Below my scarlet knuckles

As the northern lights, with their tin flame of foil fire,

Green and white diamond, filmed the midnight sky.

 

They told stories like my father,

Full of heroes and the beauties they fought for,

As every scene of laughter and of sorrow,

Played at once along the measures of their gleaming.

 

Then I balled a few rags of snow in my grasp

And clenched them hard enough for the cold to slide

Into my chest and crack my pounding heart alive

As I rose to my feet and steadied my shaking lungs.

 

I remember those tales well,

My father sitting by my bedside, holding

Oceans and sailing ships with the strength of

His love for me.

 

And I would follow him anywhere,

Through the forestry of childhood,

Keeping close to his heels as he

Showed me where to go,

 

Well into the iron winters of adulthood

As my stride slowly grew stronger, and

He taught me how to breathe

The mountain air of becoming a father.

 

For now, as I stand at the peak of this universe,

Filled with ice and the sweep of shooting stars,

I turn and see the faces of my own children and my beautiful wife,

Looking to me with the smiles of home,

 

And I know it is time to tell my own stories,

To hold their hands and lead them onward

As they keep close to my heels, and I show them

Where to go.

Book Release (1.20.17)

Hello all –

First of all, I would like to thank you for following Eden.Babel and for the wonderful feedback you have provided over the last 18 months. When I started the blog, my goal was to create a platform where literature, poetry, history, film, and music could be examined in pursuit of understanding more fully the wondrous glory of God. I have been thrilled to share what has been on my heart in this journey, and your encouragement and enthusiasm has been, quite simply, beyond belief.

I want to share with you something exciting that I have been working on for the last six months. As many of you know and have read for the past several weeks, I have been working on a collection of poetry, slowly sharing with you some pieces I have written.

Simg_3361o I would like to announce that my first book of poetry, The Cardinal Turns the Corner, will be released on Amazon on January 20, 2017. The cost will be $12, and all proceeds will go to Curing Kids Cancer, an Atlanta-based organization dedicated toward innovative and affordable cures for children’s cancer. I will provide a link to the book here on the blog when it comes out.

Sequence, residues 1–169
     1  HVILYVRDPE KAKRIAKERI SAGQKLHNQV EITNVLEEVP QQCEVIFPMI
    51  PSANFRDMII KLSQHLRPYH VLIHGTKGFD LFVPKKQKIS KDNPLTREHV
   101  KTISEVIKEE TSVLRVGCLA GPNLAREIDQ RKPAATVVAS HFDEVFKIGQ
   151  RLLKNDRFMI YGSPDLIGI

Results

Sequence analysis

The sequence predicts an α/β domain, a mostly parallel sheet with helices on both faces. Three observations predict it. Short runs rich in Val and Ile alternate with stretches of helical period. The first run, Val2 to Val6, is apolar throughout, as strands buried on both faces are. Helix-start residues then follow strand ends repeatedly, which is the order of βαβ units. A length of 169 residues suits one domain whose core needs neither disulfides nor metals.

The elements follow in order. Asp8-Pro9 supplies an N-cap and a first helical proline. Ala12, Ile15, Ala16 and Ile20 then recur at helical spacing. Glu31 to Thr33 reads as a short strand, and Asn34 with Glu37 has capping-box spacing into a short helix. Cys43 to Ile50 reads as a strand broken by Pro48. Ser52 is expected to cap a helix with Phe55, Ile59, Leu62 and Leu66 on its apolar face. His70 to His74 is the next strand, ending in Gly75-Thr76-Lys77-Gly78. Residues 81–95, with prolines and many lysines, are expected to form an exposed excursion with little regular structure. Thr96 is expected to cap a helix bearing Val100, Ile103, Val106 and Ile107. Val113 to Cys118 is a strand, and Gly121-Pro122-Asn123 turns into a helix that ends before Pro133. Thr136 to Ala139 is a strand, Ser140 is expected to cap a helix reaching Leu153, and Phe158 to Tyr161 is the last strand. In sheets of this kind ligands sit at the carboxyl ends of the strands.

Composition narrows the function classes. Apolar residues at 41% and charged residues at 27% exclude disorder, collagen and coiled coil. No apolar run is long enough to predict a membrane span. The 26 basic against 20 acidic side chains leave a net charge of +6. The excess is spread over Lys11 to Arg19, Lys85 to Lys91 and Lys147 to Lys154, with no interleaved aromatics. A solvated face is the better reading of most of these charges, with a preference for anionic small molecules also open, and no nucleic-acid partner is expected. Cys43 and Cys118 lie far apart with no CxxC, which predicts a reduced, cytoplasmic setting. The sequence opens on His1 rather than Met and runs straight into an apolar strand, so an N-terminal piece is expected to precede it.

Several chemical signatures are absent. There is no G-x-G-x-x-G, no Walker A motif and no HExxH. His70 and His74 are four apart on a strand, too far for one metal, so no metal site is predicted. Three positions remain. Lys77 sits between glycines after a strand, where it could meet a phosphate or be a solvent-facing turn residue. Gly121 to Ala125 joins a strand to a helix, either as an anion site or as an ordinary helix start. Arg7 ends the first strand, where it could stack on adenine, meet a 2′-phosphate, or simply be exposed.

The poems included in the collection range in content, all the way from a coffee outing with Ludwig van Beethoven to the quiet turmoil of making the bed. Bathsheba, haircuts, Siri, fatherhood, loss, marriage, grief, maple syrup, Superman, love, oranges, math, and Icarus are just some of the features included in the book. 🙂

Our school, Landmark Christian School, will host a book release party and signing event at New Hope Baptist Church in Fayetteville, GA on Friday, January 20, 2017 at 6:30pm. If you are in the area, I would love to invite you to come and purchase a copy. A representative from Curing Kids Cancer will be there, and several of my students will read their own work as well.

Again, thank you all for following Eden.Babel. You are an encouragement and a blessing!

Siri

I asked Siri the other evening if she could write a poem.

“Who, me?” she answered in her dry voice.

“Yes, Siri. Can you write a poem?”

She hesitated, just long enough to load her thoughts,

 

And as she spun the circle of her meditations,

I recalled how she had shown me the nearest star in our galaxy,

Connected me to the closest coffee shop,

Guided me home from a friend’s house.

 

Yet now, I watched as her screen puzzled

Over the catalog of responses, the program of poetry

And how exactly to access it

To give me what I needed.

 

“Sure you can, Siri,

Anybody can write a poem.

They often begin with the simplest of feelings,

Like the surprise of laughter or the sunlight of a single glance.”

 

But as the cycle of her wondering continued its revolution,

Bearing down on the wifi to find a proper answer,

I told Siri that poetry just has to come from the heart,

And she wept to know what I meant.

The Trees

For Dr. Cathy Sepko


She saw the light first as a little girl

In the hard knuckle granite of West Virginia –

A distant fire in a snowy wood

Filled with the paddings of foxes,

Crickets in the indigo dusk.

 

She learned to read the braille of wood bark

Leading toward that flame,

The rust of sky heavy on the trees.

 

Can you hear them? she would call to us,

Can you hear the songs of old?

The wide winds of rhythm,

The open mouth of the moon

Cooing along the quiet river?

 

She taught us in the forest

To feel the poems in the pines,

To dig our teeth deep into the dirt to taste the earth.

 

She taught the rocks to rhyme,

Pressed a shard of coal into the stone

To carve her spot in time.

 

And now, she sits on a smooth stump before the fire

Surrounded by the faces of a generation,

Ten thousand family trees

Singing softly in the starlight, leaning in to listen

As she warms her tired feet.